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Sheila Wilson  Identity Verified
Spain
Local time: 11:37
Member (2007)
English
+ ...
Quite easy but expensive Nov 12, 2015

You'll be doing most of it yourself, I imagine, seeing that you speak Spanish. I didn't have a word when I arrived so had to have some help but I'm trying to wean myself off that now. Frankly, I sometimes feel I know more about the system as it relates to me than my 'asesor'.

Frankly, there isn't much to do: just register with the tax office, register with social security and you're off. You'll have to register for VAT too, I expect (we don't have that in the Canaries). It doesn't cost much to register, but it costs at least €277 a month in contributions (after the first settling-in period - you're lucky, it was from Day 1 when I arrived!), plus taxes - paid quarterly on the business income (unless most of your clients are Spanish companies - for them there's a sort of PAYE system) and then your figures are incorporated into your annual tax return for a final settlement, which may mean either a rebate or more to pay.

Don't believe people who tell you that if you don't earn more than n times the minimum wage you don't have to register or pay anything. Maybe you could "get away with it" in some jobs but our remote working means invoices and paper trails all over the place. As a foreign resident you'll be needing to register anyway to get your social security i.e. state healthcare.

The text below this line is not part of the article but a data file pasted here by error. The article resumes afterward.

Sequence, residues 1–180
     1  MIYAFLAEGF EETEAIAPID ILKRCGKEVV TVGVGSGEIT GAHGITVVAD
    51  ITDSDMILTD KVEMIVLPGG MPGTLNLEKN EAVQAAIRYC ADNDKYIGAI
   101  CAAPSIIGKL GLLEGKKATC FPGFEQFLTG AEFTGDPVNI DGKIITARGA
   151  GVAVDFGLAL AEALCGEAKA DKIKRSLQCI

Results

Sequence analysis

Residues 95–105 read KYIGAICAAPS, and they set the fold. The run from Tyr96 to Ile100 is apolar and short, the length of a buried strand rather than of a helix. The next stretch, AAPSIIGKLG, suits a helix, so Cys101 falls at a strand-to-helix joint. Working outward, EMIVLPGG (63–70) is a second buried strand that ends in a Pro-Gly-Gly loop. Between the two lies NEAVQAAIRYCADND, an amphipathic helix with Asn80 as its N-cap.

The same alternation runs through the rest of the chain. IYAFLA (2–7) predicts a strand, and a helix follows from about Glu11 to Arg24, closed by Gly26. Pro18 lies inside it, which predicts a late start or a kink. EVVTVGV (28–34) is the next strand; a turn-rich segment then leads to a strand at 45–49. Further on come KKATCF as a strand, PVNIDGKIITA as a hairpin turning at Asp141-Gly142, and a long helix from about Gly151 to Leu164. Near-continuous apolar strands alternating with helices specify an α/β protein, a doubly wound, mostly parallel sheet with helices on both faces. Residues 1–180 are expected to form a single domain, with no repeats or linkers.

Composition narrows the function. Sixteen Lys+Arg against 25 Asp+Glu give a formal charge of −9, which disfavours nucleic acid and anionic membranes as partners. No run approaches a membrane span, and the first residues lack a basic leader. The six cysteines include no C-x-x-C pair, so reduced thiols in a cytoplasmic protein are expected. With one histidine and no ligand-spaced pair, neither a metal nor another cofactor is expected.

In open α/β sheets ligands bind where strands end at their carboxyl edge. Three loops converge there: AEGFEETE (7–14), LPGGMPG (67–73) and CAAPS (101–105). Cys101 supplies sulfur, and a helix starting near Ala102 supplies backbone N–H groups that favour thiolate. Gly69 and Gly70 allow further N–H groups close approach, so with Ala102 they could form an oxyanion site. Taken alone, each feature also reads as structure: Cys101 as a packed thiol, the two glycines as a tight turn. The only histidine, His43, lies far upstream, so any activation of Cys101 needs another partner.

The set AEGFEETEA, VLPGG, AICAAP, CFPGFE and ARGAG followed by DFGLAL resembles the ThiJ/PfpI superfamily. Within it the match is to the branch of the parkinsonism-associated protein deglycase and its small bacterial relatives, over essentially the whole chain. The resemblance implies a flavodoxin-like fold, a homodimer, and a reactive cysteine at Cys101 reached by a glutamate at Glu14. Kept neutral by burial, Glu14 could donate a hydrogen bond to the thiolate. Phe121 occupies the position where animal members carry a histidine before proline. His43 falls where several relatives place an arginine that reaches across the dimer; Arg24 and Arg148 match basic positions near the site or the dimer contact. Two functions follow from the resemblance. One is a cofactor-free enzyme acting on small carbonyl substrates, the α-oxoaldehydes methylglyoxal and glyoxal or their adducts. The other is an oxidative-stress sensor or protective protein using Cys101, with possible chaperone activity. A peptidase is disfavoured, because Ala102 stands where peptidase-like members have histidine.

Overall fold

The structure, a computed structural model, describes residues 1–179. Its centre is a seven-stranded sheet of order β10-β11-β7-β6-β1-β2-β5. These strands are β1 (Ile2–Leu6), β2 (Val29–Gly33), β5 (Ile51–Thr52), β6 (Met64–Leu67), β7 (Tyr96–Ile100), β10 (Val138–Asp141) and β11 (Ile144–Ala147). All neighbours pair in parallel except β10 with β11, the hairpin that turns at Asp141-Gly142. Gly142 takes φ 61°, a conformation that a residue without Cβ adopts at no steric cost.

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Nathalie Coutelle  Identity Verified
Spain
Local time: 12:37
Member
English to French
+ ...
TOPIC STARTER
Thanks Nov 12, 2015

Thanks so much Sheila, Anette and Alvaro for the useful info.

Much appreciated!


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Nathalie Coutelle  Identity Verified
Spain
Local time: 12:37
Member
English to French
+ ...
TOPIC STARTER
NIE and self-employment Nov 18, 2015

Hi,

After doing some reading on how to get the NIE on the basis of self-employment in Spain, it seems that I need to prove that I am already registered as self-employed in social security. But it seems that I need the NIE to register with Social Security!!

Any of you had that problem? How did you get round it?


Thanks

Nathalie


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Sheila Wilson  Identity Verified
Spain
Local time: 11:37
Member (2007)
English
+ ...
The problem is with the "word" NIE Nov 18, 2015

Nathalie Coutelle wrote: